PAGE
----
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Issue: 68 - Aug 15, 2014
How to Simplify Your Marketing Plan
By: Amanda L. Donnelly, DVM, MBA
ALD Veterinary Consulting, LLC

Marketing a veterinary practice can be a daunting challenge especially in today’s competitive marketplace. Practice leaders often struggle trying to decide which marketing efforts are most effective as well as finding resources – e.g. time, personnel and money - to execute marketing initiatives. As a result, marketing plans never get off the ground or lose momentum. Don’t let this happen to you. Set aside time now to implement a marketing plan for the rest of the year. The key to your success is to move from planning to execution. If you follow the five-step process below, you can achieve significant results within one week.

1. Focus On Client Communication Rather Than Marketing.

Veterinary team members think of marketing as advertising, getting the word out about the practice and efforts to increase business. While these are components of marketing, this line of thinking doesn’t help team members focus on actions that will lead to the best results for the business.

The American Marketing Association approved the following definition of marketing in July 2013:

“Marketing is the activity, set of institutions, and processes for creating, communicating, delivering, and exchanging offerings that have value for customers, clients, partners, and society at large.”

For veterinary practices the key part of this definition is “communication, delivering…value…for clients…”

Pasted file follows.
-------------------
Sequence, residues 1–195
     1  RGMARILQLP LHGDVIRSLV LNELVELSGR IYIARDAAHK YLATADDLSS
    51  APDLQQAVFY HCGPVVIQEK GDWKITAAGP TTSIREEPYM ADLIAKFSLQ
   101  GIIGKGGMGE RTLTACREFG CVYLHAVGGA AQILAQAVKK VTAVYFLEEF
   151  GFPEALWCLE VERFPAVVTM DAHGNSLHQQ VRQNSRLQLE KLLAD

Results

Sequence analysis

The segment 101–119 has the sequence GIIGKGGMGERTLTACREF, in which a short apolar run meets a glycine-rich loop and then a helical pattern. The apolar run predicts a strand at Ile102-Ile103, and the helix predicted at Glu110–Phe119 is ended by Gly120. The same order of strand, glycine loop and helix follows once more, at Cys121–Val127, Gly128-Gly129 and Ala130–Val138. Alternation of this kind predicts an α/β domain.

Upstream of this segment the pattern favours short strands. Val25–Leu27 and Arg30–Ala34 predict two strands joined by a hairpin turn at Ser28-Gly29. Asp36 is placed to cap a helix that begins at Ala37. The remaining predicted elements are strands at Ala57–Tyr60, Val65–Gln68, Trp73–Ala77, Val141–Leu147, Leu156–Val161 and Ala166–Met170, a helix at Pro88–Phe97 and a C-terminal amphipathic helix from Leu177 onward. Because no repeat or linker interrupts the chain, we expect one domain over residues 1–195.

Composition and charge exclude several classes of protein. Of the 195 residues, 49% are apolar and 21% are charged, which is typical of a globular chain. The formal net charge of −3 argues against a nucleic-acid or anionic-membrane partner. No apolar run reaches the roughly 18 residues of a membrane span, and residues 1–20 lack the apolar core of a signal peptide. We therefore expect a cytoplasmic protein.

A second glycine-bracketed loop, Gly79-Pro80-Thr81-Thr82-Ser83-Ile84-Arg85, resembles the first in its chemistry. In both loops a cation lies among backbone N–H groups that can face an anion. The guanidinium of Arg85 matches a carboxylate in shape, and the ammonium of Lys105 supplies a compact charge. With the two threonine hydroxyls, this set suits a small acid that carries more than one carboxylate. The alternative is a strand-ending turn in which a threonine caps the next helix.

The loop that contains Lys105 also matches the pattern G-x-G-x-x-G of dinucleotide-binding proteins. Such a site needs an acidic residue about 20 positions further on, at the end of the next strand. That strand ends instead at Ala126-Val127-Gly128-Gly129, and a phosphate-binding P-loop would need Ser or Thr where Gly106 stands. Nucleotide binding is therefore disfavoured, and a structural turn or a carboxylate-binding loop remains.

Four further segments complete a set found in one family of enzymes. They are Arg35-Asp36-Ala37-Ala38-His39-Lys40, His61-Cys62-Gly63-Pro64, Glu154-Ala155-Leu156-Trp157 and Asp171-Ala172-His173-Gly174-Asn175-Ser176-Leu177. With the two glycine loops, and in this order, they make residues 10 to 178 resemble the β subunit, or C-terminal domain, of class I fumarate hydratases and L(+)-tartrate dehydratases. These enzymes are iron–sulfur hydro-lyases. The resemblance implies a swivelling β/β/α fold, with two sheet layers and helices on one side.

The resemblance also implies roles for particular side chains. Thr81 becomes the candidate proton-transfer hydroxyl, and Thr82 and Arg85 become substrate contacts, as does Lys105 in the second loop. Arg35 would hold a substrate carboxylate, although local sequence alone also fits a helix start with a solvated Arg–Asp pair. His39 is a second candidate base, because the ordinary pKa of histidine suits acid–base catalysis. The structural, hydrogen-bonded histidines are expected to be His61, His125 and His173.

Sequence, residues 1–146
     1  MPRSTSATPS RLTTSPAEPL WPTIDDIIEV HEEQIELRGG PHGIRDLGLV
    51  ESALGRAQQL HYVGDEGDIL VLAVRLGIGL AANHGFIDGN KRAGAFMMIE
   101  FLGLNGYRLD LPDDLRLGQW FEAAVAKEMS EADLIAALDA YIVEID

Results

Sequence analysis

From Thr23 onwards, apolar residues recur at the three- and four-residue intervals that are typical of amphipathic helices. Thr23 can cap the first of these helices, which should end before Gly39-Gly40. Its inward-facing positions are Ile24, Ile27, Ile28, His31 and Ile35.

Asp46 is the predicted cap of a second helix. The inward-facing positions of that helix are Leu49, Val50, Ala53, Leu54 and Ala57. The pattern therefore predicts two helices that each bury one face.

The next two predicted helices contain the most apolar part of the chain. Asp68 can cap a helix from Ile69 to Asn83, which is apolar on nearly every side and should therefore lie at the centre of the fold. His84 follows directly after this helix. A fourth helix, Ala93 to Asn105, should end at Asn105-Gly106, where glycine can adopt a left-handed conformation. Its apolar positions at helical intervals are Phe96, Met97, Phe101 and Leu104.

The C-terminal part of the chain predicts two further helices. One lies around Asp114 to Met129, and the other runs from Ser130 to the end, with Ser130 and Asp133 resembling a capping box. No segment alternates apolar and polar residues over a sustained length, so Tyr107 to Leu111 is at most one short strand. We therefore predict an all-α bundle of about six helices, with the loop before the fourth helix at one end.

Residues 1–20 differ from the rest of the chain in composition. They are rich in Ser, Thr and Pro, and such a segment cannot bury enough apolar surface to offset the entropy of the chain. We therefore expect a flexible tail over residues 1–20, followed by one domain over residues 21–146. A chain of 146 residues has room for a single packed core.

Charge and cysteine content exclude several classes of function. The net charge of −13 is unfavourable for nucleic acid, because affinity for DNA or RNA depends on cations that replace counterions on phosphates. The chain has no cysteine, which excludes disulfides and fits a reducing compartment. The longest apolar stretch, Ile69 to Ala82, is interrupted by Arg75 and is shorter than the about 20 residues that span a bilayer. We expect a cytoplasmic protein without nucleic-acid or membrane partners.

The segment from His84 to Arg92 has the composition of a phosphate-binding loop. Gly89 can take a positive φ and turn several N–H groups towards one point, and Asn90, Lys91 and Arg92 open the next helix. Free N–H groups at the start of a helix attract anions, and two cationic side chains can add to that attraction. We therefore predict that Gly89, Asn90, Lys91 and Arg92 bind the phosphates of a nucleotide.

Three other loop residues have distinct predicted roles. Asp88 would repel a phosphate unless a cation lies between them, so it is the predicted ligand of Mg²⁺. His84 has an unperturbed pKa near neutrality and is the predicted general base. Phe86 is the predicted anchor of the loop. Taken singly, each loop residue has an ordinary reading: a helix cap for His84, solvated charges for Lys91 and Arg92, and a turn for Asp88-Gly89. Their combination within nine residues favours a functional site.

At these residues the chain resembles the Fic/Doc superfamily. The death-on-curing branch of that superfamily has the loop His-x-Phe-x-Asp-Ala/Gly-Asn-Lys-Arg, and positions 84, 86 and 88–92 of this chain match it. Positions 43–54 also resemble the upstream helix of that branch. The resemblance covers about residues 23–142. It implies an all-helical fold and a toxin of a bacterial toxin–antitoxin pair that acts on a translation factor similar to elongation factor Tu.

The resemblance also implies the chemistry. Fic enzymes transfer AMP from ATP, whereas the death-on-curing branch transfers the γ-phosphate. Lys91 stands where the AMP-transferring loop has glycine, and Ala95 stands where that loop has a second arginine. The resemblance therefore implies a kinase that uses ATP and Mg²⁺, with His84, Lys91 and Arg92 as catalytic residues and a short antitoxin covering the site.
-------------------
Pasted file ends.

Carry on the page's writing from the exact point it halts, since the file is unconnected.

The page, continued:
Veterinary teams need to communicate and deliver value to attract new clients (external marketing) and to enhance service utilization by existing clients (internal marketing). The delivery of veterinary medical services cannot occur without client communication. So, rather than thinking about how to market your practice, think about how to improve client communications about the value of your services.  Here’s a short list of client communications that are ideally part of any marketing plan:

  • Phone skills that result in conversion of calls to appointments, and build client loyalty
  • Exam room client communication skills that increase compliance
  • Use of technology in exam room to better communicate the value of medical services
  • Client call backs and reminder systems to increase client visits
  • Social media to keep in touch with the community and be seen as trusted advisors

Rather than implementing a marketing plan, think instead about implementing a client communication plan and you will be sure to focus on the best marketing actions.

2. Set and Adhere To Deadlines

To be successful with your marketing or client communication plan, set specific deadlines for planning and implementation. To begin, decide now that you will take action on the steps in this article within one week. Don’t forget that every action item that is delegated to or discussed with team members must also have an established deadline. For example, if you elected to focus on improving your Senior Care Program, then those employees organizing the program need to know when they are to complete tasks associated with this marketing initiative.

3. Prioritize and Focus On the Greatest Opportunity

Since you don’t have an unlimited amount of time and money, you need to decide which marketing initiatives will yield the best results for your practice. To make this decision, draft the following lists: